Bernie Sanders and Elizabeth Warren (Sean Rayford/Ethan Miller/Getty Images)

Elizabeth Warren's frenemies: Her rise has been helped by haters

Elizabeth Warren has become billionaires' Public Enemy No. 1. Do they genuinely not understand that helps her?


Sophia Tesfaye
October 16, 2019 11:00AM (UTC)

The time between the third and fourth Democratic presidential primary debates has made one thing clear amidst a historically crowded field: Elizabeth Warren is surging. 

The Massachusetts senator’s campaign raised the second-highest amount of donations in the third quarter, close behind the powerhouse grassroots operation of Sen. Bernie Sanders. After a series of debate blunders and distractions via President Trump’s request for election interference from Ukraine, former Vice President Joe Biden’s “electability” argument has largely vaporized. One year after her disastrous attempt to fact-check Trump’s racist attacks using dubious race science, Warren seems to have shaken off the “Pocahontas” slur on her way to the latest national polls. Coincidentally, Warren’s biggest billionaire haters — the ones not named Trump — have suddenly decided to air their public misgivings about the progressive reformer who has staked her brand on attacking the corrupting influence of big money in American politics.

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As CNBC’s Jim Cramer recently explained: “The financial community is really worried about the possibility of Sen. Elizabeth Warren becoming president.” A theme among corporate executives, he said, is that “she’s got to be stopped.”

Take for instance former New York Mayor Michael Bloomberg, who published an op-ed in the Washington Post on Tuesday chiding the Democratic candidates for promoting lofty goals devoid of specific plans for passage. “[V]oters must demand they explain how they intend to move from proposing plans to actually implementing them, including passing them through Congress," Bloomberg wrote. "Those who dodge the question by speaking of revolution and the bully pulpit aren’t up to the job” That was clearly directed at Sanders’ and Warren’s left-leaning campaigns.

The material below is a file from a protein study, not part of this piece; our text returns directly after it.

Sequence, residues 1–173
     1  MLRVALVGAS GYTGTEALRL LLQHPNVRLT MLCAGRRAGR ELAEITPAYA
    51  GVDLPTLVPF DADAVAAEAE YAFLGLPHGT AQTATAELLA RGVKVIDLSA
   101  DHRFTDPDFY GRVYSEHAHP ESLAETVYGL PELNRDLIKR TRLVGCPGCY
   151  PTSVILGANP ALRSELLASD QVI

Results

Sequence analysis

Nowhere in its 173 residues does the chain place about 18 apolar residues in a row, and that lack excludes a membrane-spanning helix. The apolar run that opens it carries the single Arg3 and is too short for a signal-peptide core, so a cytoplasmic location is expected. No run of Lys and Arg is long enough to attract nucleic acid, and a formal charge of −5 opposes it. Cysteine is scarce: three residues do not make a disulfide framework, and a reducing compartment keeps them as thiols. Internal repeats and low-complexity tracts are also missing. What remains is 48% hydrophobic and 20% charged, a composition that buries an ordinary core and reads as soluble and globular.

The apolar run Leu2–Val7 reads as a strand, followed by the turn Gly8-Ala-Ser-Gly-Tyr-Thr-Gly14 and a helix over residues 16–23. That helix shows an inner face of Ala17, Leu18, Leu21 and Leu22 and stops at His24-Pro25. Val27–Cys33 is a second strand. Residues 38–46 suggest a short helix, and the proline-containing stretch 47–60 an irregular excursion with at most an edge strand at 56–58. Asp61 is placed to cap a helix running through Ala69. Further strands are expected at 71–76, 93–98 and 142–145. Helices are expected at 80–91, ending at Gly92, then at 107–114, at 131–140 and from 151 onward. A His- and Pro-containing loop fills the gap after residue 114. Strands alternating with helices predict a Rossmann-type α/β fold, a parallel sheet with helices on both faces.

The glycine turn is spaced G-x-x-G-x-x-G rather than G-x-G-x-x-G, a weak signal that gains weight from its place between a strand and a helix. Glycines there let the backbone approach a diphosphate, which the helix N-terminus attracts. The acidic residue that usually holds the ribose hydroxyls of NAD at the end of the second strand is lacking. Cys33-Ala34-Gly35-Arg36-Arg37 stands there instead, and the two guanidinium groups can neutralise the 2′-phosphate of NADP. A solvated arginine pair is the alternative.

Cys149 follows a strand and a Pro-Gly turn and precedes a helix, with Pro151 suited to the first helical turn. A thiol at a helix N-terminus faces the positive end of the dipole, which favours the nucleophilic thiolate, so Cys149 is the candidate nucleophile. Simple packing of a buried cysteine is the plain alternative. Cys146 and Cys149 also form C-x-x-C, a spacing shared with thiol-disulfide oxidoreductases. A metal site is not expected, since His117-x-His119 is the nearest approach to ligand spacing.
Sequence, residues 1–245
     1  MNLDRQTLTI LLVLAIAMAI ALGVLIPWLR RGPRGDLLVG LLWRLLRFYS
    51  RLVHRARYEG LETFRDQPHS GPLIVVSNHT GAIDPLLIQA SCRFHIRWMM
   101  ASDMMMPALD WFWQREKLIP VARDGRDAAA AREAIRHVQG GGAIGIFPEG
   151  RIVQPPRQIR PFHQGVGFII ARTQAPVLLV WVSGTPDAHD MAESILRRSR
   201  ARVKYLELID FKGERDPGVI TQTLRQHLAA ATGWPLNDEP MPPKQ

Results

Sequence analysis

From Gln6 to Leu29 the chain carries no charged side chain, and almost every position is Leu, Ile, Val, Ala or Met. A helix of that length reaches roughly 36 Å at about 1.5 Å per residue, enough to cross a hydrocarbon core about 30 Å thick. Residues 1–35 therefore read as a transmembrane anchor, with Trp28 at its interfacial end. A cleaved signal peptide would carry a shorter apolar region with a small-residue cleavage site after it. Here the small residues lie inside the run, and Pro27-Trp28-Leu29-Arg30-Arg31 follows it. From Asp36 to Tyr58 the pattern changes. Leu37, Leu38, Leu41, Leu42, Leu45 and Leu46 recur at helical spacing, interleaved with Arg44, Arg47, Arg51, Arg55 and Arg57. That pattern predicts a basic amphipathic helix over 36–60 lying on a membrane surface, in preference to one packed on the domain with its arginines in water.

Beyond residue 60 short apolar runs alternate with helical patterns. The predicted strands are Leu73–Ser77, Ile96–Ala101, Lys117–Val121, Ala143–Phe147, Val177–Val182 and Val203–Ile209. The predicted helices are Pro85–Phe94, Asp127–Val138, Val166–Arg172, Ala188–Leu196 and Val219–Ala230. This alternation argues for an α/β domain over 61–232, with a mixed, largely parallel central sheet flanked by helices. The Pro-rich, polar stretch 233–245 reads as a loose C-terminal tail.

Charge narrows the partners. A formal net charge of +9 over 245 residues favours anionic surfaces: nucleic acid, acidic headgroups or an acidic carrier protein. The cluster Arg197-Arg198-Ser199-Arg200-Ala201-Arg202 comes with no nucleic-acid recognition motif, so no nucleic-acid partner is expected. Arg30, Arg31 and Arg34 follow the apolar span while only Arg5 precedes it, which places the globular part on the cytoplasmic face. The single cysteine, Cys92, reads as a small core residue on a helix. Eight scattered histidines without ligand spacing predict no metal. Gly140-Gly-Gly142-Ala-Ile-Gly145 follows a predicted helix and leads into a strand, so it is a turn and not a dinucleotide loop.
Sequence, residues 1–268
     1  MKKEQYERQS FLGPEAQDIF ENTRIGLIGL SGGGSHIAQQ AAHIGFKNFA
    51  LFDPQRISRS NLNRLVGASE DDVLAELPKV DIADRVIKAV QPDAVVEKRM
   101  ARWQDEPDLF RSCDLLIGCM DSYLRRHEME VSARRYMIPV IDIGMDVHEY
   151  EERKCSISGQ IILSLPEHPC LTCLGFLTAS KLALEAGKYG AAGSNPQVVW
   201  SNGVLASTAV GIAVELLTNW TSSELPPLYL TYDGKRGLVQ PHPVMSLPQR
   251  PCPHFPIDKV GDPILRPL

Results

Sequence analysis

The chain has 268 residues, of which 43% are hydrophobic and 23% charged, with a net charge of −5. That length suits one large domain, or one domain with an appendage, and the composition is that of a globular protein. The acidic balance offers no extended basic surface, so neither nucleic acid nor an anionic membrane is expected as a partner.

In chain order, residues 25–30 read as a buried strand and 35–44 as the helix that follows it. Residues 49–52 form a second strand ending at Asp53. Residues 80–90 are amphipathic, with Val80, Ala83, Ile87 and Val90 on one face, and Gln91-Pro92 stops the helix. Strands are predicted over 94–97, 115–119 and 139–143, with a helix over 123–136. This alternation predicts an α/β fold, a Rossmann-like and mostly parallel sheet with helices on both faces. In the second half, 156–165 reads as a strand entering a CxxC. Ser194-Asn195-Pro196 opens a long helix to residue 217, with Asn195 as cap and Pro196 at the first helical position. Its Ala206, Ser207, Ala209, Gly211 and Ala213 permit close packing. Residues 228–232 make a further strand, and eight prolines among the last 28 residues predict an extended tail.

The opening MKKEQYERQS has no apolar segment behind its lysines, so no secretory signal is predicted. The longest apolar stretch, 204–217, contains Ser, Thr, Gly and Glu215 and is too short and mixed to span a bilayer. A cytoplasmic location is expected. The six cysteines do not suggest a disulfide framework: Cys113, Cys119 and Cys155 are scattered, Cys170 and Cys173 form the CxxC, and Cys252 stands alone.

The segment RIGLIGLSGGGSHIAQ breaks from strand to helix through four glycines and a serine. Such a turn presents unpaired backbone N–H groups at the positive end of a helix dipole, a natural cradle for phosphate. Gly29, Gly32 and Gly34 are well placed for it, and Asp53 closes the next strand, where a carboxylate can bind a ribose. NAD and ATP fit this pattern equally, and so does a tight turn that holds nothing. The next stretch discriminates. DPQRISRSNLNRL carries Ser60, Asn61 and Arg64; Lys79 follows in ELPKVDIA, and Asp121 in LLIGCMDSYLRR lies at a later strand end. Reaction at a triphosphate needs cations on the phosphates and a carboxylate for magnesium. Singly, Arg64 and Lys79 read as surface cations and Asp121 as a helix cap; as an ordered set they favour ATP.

After months of threats, Bloomberg, a onetime Republican turned independent turned Democrat, said in March that he would not join the already crowded Democratic primary. 

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“We cannot allow the primary process to drag the party to an extreme that would diminish our chances in the general election and translate into ‘Four More Years,’” he warned in an op-ed at the time. 

That promise, it seems, was contingent upon Biden taking the Democratic nomination. Now that Biden is dropping in the polls, Bloomberg seems to be in a bit of a panic and is reportedly again considering a run

In August, Bloomberg cited his millions in philanthropic giving to push back against Warren’s critiques. “If my company wouldn’t be successful, we wouldn’t be here today,” Bloomberg said he told Warren backstage at an Everytown for Gun Safety event in Iowa. “So enough with this stuff.”

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Bloomberg's success — and the platform to strut as a billionaire do-gooder — is the result of an unjust system. The fact that we need billionaire philanthropists to sponsor political forums is the product of an unjust system. The fact that he thinks this justifies his obscene personal wealth is a symptom of an unjust system.